November 24, 2014
A. M. Muir, C. R. Bronte, M. S. Zimmerman, H.R.Quinlan, J. D. Glase & C. C.Krueger
Journal or Book Title: Transactions of the American Fisheries Society
Page Number(s): 972-987
Year Published: 2014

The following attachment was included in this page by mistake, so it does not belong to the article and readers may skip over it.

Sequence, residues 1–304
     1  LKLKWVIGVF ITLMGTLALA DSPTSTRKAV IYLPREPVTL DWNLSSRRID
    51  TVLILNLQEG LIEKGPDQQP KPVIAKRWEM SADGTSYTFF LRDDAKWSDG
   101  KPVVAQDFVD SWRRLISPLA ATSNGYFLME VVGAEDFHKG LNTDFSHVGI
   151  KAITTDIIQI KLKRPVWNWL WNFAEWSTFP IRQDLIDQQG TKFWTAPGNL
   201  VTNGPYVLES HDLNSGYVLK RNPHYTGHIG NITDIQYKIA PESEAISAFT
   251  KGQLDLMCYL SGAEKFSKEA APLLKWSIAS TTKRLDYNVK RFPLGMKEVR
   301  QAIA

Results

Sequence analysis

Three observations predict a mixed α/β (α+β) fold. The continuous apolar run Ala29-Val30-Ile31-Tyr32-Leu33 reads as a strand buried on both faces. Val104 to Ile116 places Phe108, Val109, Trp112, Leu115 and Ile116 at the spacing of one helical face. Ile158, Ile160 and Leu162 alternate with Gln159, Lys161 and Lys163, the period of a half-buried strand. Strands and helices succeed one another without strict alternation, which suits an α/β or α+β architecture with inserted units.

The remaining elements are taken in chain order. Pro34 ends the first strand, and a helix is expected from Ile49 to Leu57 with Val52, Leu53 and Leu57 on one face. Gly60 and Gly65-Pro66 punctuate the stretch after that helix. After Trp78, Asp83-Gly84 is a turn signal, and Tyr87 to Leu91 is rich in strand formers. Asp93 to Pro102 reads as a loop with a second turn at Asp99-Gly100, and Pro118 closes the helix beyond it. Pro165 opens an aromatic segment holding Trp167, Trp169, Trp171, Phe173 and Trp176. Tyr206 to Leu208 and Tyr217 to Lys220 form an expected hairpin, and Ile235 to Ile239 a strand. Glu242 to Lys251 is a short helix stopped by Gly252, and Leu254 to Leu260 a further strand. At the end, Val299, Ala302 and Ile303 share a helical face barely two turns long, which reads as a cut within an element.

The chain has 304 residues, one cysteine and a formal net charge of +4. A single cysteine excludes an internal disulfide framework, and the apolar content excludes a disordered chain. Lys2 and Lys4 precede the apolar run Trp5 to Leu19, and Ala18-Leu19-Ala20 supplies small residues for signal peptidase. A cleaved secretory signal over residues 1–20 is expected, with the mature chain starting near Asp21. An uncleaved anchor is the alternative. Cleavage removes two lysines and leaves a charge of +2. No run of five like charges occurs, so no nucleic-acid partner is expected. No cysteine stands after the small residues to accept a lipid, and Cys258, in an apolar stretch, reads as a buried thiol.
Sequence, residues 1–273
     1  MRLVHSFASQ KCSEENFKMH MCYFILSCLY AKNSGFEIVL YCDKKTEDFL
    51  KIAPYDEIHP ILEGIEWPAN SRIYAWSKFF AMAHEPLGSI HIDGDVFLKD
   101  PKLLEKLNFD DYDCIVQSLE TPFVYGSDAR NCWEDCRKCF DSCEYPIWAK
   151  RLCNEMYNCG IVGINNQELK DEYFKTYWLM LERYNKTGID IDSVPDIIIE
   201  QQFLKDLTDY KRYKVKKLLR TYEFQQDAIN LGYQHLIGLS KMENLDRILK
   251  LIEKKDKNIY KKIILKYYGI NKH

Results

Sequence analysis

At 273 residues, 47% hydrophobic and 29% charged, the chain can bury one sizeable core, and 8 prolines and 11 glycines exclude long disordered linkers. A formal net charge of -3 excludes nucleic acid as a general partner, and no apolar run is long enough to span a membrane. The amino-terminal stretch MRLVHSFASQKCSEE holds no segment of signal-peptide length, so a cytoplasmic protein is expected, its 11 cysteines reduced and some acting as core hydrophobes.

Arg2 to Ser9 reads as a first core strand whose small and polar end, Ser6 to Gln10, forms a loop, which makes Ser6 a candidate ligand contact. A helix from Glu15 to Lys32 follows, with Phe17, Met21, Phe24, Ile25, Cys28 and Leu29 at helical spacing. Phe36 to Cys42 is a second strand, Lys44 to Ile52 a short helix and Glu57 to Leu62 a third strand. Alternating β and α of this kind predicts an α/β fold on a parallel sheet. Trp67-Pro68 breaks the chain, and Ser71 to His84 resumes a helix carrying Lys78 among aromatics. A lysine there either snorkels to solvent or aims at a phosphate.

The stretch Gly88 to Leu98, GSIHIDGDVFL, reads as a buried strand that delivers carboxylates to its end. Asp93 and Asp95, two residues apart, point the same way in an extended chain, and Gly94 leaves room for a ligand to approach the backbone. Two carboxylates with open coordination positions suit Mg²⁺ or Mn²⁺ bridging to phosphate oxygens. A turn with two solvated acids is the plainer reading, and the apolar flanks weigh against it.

Four Lake Trout Salvelinus namaycush morphs were identified from Isle Royale, Lake Superior; the morphs differed in shape, traits linked to feeding and locomotion, buoyancy, and physical habitat use. Lean, humper, and siscowet Lake Trout generally conformed to previous descriptions, and we report, for the first time, quantitative evidence of a fourth morph, previously described anecdotally as the “redfin.” Jackknife classification of individuals to morphs based on body shape were 94% correct. High variation within and low variation among morphs led to moderately low percent agreement among visual identifications and high uncertainty in Bayesian model groupings of morphs. Eight linear measures of phenotypic traits linked to feeding (i.e., head and eyes) and locomotion (i.e., fin lengths and caudal peduncle shape) varied among morphs, consistent with specialized adaptations for trophic and physical resource use. Habitat differed among morphs with leans being most abundant in the 0–50-m depth stratum and siscowets most abundant in two deeper strata (50–100 and 100–150 m). Differences in capture depth and percent buoyancy reflected physical habitat and known trophic resource partitioning among morphs. While the historical fingerprint of morphological and ecological diversity in Lake Superior Lake Trout persists, it is unknown whether the contemporary low level of differentiation is due to ecological release without subsequent reorganization or to a complete breakdown of differentiation.